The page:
If voters reject the lodging tax in November it will spell the loss of $1 million to $2 million per year for both the town and county, sending officials on a search for ways to adapt to a thinner wallet without neglecting core responsibilities.

Without the 2 percent tax on visitor hotel stays — which primarily funds public transportation, Parks and Recreation and public safety — the town would face a 6.5 percent drop in its general fund, and the county a nearly 5 percent drop. Opponents of the tax criticize the 60 percent portion of it that is mandated to be spent on promotion, not the 40 percent portion spent on visitor impacts, i.e., local government.

As Town Manager Larry Pardee put it, officials can try to continue operating at the current level with fewer employees and resources or seek new sources of revenue.

“It’s disappointing, but that’s OK,” he said. “We’ll do what we always do: adjust to the circumstances.”

As he sees it, that means working with leaders of town departments to spread budget cuts as evenly as possible. The Jackson Police Department and Public Works, as the two largest, would be responsible for giving up the most.

Police Lt. Roger Schultz said the police department has had preliminary conversations about that with Pardee, though it doesn’t know yet how much it would be asked to cut. In past spending reductions, however, he said the department has avoided salaries and benefits, by far the largest portion of its budget at 80 to 85 percent.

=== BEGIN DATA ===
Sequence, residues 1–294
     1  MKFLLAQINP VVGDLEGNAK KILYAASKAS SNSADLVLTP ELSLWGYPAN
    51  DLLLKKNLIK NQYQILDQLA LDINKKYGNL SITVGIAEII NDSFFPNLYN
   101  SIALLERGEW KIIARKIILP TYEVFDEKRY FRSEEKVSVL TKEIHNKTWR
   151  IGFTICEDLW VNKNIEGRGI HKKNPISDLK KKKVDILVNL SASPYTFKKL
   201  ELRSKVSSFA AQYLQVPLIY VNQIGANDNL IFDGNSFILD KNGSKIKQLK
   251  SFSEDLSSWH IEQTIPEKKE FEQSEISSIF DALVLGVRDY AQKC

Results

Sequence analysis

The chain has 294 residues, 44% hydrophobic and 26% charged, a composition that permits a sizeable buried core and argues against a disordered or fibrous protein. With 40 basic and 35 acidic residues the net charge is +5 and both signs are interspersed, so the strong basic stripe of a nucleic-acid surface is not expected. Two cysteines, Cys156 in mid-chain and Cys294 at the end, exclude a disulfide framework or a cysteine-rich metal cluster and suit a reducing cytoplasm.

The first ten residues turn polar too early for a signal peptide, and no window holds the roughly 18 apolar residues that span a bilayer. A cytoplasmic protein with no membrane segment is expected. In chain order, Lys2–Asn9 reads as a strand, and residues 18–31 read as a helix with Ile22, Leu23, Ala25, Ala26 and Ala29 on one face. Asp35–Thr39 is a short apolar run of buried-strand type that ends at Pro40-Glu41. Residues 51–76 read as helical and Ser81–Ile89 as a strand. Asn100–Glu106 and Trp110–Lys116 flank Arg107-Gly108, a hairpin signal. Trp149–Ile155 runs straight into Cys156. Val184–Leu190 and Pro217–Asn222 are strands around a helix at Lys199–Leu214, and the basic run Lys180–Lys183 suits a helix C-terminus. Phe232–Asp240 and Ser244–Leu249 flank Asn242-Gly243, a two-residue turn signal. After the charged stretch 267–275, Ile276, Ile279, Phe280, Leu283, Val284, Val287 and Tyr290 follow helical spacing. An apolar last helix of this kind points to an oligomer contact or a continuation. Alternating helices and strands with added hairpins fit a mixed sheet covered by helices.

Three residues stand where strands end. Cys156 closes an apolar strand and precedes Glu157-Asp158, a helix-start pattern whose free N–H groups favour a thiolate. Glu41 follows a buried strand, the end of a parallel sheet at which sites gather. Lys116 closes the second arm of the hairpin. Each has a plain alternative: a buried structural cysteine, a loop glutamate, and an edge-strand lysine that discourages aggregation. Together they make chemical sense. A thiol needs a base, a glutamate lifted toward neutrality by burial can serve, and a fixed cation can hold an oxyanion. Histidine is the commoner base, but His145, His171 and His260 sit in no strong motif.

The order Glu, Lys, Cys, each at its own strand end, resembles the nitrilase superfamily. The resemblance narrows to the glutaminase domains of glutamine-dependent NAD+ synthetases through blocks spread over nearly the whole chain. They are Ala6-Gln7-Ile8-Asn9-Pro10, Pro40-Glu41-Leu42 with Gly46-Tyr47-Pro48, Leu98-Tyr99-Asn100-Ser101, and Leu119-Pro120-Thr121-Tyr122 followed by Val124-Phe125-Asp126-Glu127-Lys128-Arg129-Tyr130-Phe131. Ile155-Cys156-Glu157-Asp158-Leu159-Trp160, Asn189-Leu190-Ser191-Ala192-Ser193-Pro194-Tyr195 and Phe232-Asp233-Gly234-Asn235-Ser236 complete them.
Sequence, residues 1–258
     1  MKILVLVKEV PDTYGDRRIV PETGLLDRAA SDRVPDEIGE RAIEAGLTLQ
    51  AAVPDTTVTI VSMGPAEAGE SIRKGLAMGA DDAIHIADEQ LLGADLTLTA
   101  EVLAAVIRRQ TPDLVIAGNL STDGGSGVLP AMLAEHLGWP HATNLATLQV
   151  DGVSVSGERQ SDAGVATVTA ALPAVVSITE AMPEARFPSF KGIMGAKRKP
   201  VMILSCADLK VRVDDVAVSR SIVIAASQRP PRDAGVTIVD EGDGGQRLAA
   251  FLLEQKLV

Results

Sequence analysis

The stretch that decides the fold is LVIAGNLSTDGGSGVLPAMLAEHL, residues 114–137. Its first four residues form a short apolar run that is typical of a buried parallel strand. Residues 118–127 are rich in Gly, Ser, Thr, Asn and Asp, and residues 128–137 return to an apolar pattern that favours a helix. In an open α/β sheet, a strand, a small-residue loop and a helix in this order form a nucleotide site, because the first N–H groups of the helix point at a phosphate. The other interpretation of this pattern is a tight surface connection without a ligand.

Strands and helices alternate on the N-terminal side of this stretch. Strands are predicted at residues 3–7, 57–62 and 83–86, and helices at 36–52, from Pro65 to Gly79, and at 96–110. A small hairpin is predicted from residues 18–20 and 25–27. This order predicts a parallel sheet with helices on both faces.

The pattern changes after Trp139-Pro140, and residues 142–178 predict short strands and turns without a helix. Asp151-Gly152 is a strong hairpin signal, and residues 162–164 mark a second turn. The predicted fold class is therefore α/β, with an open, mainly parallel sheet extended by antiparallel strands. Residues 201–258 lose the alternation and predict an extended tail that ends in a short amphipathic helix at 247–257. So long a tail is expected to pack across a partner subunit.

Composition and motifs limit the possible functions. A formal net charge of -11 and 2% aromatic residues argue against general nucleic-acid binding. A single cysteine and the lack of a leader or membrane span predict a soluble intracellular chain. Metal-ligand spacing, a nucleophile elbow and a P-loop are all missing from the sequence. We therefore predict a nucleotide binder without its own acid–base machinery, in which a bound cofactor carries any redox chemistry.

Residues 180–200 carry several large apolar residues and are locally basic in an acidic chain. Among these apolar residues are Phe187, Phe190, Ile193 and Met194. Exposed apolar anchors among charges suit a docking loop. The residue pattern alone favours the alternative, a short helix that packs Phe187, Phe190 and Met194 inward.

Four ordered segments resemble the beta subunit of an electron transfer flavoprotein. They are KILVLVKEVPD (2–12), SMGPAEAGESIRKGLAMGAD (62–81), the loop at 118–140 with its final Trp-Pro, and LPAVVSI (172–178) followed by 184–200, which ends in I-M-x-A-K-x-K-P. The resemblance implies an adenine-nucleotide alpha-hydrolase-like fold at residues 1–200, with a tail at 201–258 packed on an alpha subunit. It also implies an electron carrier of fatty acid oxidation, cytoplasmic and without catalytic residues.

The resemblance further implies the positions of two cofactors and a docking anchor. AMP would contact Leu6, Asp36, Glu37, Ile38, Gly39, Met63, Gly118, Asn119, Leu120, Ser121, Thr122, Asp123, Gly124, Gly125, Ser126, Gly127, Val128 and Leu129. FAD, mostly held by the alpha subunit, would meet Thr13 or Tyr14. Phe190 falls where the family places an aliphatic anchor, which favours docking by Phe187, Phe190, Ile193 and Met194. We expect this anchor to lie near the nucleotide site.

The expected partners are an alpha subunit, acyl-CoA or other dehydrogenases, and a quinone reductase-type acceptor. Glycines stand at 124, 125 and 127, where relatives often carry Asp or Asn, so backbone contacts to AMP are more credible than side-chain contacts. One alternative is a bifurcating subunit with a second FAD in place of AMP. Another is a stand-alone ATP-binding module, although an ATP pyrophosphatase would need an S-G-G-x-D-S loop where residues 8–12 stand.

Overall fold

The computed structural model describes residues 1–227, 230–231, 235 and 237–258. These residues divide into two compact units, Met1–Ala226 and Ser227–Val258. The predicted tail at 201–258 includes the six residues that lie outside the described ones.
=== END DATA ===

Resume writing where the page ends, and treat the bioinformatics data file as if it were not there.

That leaves training and equipment on the chopping block, Schultz said, allowing the department to keep staffing steady but making it more difficult to offer the same quality of law enforcement.

“There’s not a whole lot of fluff,” he said.

Pardee said the simplest route is to cut back on expenditures rather than try to find new revenue sources. He’d prefer the latter, but he’s prepared for frugality.

And he sees a silver lining in the difficulty that may lie ahead. He remembered the words of his predecessor, former Town Manager Bob McLaurin: “Never waste a good crisis to innovate.”

With that in mind, he said he would ask everyone to look for creative ways to work more efficiently, reducing expenses while maintaining the highest possible level of service.

By now Pardee considers himself, and several of his department heads, to be “battle-tested.” He’s weathered several shortfalls in town government, most recently as Public Works director during the recession of 2008.

Lessons from the past

When sales tax — the “lion’s share” of the town’s budget — slowed over the recession years, Public Works had to leave open a handful of positions after employees took early retirement.